24 November 1331, King David II of Scotland was crowned at Scone, with Joan as Queen.

7 June 1329. Robert the Bruce, King of Scotland from 1306, died aged 54 of leprosy at Cardross Castle on the Firth of Clyde. He was buried at Dunfermline Abbey under the High Altar. He was succeeded by his 5-year-old son who ruled as David II until 1371 (see also 12 August 1332).

12 July 1328, Marriage of Bruce�s son David to Joanna, daughter of Edward II of England (see 1323).

5 March 1324, King David II of Scotland was born, son of Robert the Bruce.(died 22 February 1371).


Scottish fight for independence from England, 1286-1323

17 March 1328, King Edward III of England recognised Robert I (The Bruce) as King of Scotland, ending the Scottish War of Independence.

1323, The Treaty of Northampton confirmed Robert the Bruce as King of Scotland, and provided for the marriage of Bruce�s son David to Joanna, daughter of King Edward II of England.

6 April 1320, The Scots reaffirmed their independence by signing the Declaration of Arbroath. The Pope did not recognise Robert The Bruce as legitimate King of Scotland, and Pope John XXII had demanded that Scotland make peace with England, However the Scottish barons, with the support of the Church in Scotland, asserted under this Declaration the identity of Scotland as a separate nation with its �uninterrupted succession of 113 Kings, all our native and royal stock�. The Declaration also noted the injuries caused by English incursions into Scotland. Since then this has been a key document for those campaigning for Scottish independence.

20 September 1319, King Edward II of England abandoned his siege of Scottish-held Berwick on Tweed. This move was in response to a Scottish diversionary incursion into Yorkshire (where English forces were depleted due to the siege of Berwick), in which many English townsfolk and clerics were killed at Myton on Swale, 22 km NW of York.

1 April 1318, Berwick-upon-Tweed was retaken by the Scottish from the English.

24 June 1314. English forces under Edward II suffered a major defeat at Bannockburn by the Scots. Robert The Bruce was confirmed in power in Scotland. See 21 September 1327. By the time the Battle of Bannockburn was fought, Scotland had been almost cleared of English troops, with the exception of Stirling Castle. Here the governor, Alexander Mowbray, had promised to surrender if not relieved by St John the Baptist�s Day.Edward II collected a huge army for the relief of Stirling, and Robert the Bruce assembled his smaller force at Torwood, 4 miles north-west of Falkirk. At the Battle, on the Bannock Burn, the superior numbers of the English cavalry were hampered by the cramped site of the battle; the rear ranks of the English could not reach the fighting, but hampered the retreat of those in front under Robert�s attacks. Robert then led his reserves in to complete the rout of the English. Many English, uninjured in the battle, perished in the Bannock Burn and the marshes beyond. Edward II, seeking refuge in Stirling Castle, was refused on account of its imminent surrender; he escaped by a roundabout route via Dunbar back to England.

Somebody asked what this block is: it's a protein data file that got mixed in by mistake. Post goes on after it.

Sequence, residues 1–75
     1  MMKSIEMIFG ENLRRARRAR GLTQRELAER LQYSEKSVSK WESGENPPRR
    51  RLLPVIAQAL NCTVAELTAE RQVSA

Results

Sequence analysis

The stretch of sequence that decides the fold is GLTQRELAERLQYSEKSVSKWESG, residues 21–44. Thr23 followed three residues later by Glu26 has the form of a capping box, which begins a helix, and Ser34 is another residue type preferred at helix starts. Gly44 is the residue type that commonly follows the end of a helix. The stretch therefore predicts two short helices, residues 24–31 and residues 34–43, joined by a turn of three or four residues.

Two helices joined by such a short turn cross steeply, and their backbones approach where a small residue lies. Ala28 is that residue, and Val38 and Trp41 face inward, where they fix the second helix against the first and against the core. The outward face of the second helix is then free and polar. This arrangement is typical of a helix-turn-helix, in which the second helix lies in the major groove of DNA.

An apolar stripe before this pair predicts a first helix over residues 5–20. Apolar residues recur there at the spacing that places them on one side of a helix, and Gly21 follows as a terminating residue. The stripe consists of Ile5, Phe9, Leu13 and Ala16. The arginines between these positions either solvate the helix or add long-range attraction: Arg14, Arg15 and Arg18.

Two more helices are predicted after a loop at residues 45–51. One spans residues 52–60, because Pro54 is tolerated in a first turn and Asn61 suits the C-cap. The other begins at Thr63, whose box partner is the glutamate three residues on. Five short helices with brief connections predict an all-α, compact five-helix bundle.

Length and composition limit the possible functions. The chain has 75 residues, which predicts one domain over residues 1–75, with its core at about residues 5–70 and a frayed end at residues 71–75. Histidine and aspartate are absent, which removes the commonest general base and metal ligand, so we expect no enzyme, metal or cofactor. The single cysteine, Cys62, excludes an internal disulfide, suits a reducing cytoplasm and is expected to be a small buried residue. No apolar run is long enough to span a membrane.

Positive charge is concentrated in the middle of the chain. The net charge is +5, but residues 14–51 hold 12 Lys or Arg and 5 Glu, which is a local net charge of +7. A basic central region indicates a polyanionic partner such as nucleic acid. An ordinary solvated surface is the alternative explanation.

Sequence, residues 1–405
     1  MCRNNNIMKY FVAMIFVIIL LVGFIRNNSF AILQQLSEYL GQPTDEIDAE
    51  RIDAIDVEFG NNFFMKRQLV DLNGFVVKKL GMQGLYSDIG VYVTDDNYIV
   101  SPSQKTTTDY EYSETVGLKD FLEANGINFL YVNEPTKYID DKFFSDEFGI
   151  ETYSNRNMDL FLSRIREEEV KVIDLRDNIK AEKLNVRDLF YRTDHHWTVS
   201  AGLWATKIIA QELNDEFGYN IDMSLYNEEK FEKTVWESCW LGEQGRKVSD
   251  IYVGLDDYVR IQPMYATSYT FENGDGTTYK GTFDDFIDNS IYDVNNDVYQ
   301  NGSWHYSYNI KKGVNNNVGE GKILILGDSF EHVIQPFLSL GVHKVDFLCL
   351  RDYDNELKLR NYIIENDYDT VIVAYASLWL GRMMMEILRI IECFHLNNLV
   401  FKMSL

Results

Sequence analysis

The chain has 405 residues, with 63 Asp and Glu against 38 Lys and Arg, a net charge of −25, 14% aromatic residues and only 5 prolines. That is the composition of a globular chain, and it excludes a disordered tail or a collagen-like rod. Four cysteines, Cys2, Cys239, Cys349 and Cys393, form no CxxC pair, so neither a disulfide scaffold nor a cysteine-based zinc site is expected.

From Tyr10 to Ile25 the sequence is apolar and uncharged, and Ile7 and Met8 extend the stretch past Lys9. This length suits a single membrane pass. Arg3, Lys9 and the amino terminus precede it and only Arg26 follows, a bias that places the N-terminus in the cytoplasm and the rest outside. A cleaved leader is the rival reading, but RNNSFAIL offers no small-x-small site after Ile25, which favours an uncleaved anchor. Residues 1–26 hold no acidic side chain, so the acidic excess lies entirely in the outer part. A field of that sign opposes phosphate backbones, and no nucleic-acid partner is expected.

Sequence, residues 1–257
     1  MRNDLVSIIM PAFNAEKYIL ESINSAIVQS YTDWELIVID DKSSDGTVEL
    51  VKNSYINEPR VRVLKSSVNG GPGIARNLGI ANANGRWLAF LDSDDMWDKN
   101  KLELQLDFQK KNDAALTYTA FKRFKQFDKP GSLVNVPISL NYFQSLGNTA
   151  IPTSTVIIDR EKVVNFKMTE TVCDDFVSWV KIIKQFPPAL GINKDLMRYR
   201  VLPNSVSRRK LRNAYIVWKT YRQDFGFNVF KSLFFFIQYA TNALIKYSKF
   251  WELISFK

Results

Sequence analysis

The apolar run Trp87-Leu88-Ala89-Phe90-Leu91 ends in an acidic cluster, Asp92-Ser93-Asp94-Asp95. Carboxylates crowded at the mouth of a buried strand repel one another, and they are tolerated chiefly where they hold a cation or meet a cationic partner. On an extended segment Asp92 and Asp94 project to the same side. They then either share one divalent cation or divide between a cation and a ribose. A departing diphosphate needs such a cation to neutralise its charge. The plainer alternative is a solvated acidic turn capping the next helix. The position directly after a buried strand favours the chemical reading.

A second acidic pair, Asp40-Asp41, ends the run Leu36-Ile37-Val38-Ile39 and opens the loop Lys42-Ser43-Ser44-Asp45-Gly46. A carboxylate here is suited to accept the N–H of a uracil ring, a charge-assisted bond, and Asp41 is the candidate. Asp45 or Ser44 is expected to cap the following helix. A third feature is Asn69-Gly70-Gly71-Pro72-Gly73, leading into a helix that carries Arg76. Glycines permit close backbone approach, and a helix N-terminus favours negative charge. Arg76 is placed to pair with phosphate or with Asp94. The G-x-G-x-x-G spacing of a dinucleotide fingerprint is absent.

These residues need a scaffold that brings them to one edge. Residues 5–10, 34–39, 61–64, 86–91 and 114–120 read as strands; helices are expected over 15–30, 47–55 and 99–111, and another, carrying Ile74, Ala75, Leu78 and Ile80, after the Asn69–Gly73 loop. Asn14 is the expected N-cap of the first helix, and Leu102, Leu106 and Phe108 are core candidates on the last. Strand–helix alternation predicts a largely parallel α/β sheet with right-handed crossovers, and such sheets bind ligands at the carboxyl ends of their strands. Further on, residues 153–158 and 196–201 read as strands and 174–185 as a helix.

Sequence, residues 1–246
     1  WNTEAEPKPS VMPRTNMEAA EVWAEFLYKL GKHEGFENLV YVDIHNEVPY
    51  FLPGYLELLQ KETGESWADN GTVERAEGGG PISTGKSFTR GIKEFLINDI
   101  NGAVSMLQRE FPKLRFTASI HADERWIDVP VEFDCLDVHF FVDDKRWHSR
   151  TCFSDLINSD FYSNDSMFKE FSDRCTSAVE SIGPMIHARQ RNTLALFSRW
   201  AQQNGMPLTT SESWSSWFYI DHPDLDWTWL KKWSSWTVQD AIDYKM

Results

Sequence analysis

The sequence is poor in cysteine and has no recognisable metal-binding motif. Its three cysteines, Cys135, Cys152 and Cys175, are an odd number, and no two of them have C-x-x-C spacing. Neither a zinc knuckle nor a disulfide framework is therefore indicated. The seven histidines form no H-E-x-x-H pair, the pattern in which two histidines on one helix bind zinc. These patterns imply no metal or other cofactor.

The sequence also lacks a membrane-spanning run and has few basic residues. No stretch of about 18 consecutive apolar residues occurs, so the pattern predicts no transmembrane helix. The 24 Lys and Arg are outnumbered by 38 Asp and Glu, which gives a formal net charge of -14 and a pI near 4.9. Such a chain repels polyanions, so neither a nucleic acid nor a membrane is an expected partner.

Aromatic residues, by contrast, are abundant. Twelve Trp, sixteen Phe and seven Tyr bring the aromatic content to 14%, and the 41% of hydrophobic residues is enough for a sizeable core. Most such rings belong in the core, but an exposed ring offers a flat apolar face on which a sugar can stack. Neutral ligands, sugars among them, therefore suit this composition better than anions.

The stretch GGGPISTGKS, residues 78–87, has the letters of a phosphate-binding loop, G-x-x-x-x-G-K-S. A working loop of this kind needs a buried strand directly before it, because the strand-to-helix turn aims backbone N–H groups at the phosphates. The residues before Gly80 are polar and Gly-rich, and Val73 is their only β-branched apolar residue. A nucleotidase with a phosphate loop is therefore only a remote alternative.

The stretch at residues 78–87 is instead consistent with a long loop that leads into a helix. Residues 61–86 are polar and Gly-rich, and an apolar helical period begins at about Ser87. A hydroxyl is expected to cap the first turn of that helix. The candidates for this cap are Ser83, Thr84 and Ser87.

13 January 1313, The Scots expelled the English garrison from Perth.

8 November 1308, Duns Scotus, Scottish theologian, born ca. 1266, died in Cologne, Germany.

10 May 1307, Battle of Loudon Hill, War of Scottish Independence.Robert the Bruce and his spearmen defeated the cavalry of the Earl of Pembroke.

25 December 1306, Robert the Bruce reconsolidated his power in Scotland and defeated his rival, John Comyn Earl of Buchanan, this day.

25 March 1306. Robert The Bruce, Eight Earl of Carrick, was crowned King of Scotland (Robert I) at Scone. See 21 June 1314.

23 August 1305, William Wallace, Scottish patriot, was hanged in London, see 5 August 1305.

5 August 1305. Sir William Wallace, leader of the Scots, campaigner for their independence from the English, was captured by the English and later executed.

20 July 1304, Fall of Stirling Castle: Edward I of England took the last rebel stronghold in the Wars of Scottish Independence.

24 July 1298. The English under King Edward I used longbows for the first time when they defeated the Scots under William Wallace at the battle of Falkirk.

11 September 1297. Scottish hero William Wallace defeated an English army of over 50,000 men under Edward I at Stirling Bridge. William Wallace was a minor noble from Elderslie and one of the few to take on Edward when he assumed the overlordship of Scotland. He realised that the neck of land between the rivers Forth and Clyde at Stirling was narrow enough to create a tactical advantage for the Scottish defenders. Wallace�s men stood at the slopes of the Abbey Craig, in front of a narrow bridge across the Forth, wide enough for only two horsemen abreast. As the English drew up, Wallace�s men charged them before they could get into battle position. The narrow bridge then collapsed, drowning many English.

27 April 1296. English defeated the Scots at the Battle of Dunbar.

30 March 1296, Capture of Berwick: King Edward I of England captured Berwick-upon-Tweed, sacking what was at this time a Scottish border town with much bloodshed. He slaughtered most residents, including those who fled to the churches.

10 February 1296, King Edward I of England forced John Balliol (1250-1313), King of Scotland (see 17 November 1792) to surrender his Crown. Although John had started out his reign as a vassal and ally of Edward, by 1295 a council of Scottish Lords had taken power from John and started making alliances with France, which was then at war with England. John was imprisoned for three years, first on Hertford and then in the Tower of London. In 1302 John was permitted to retire to his estates in Normandy.

30 November 1292, Coronation of John Balliol as King of Scotland at Scone Abbey.

23 October 1295, The first treaty forming the Auld Alliance between Scotland and France against England was signed in Paris.

17 November 1292, John Balliol, aged 43, was selected by King Edward I of England as King of Scotland from among 13 candidates; Edward then treated John as a puppet ruler and Scotland as a vassal state, eventually provoking the Wars of Scottish Independence, commencing in 1296.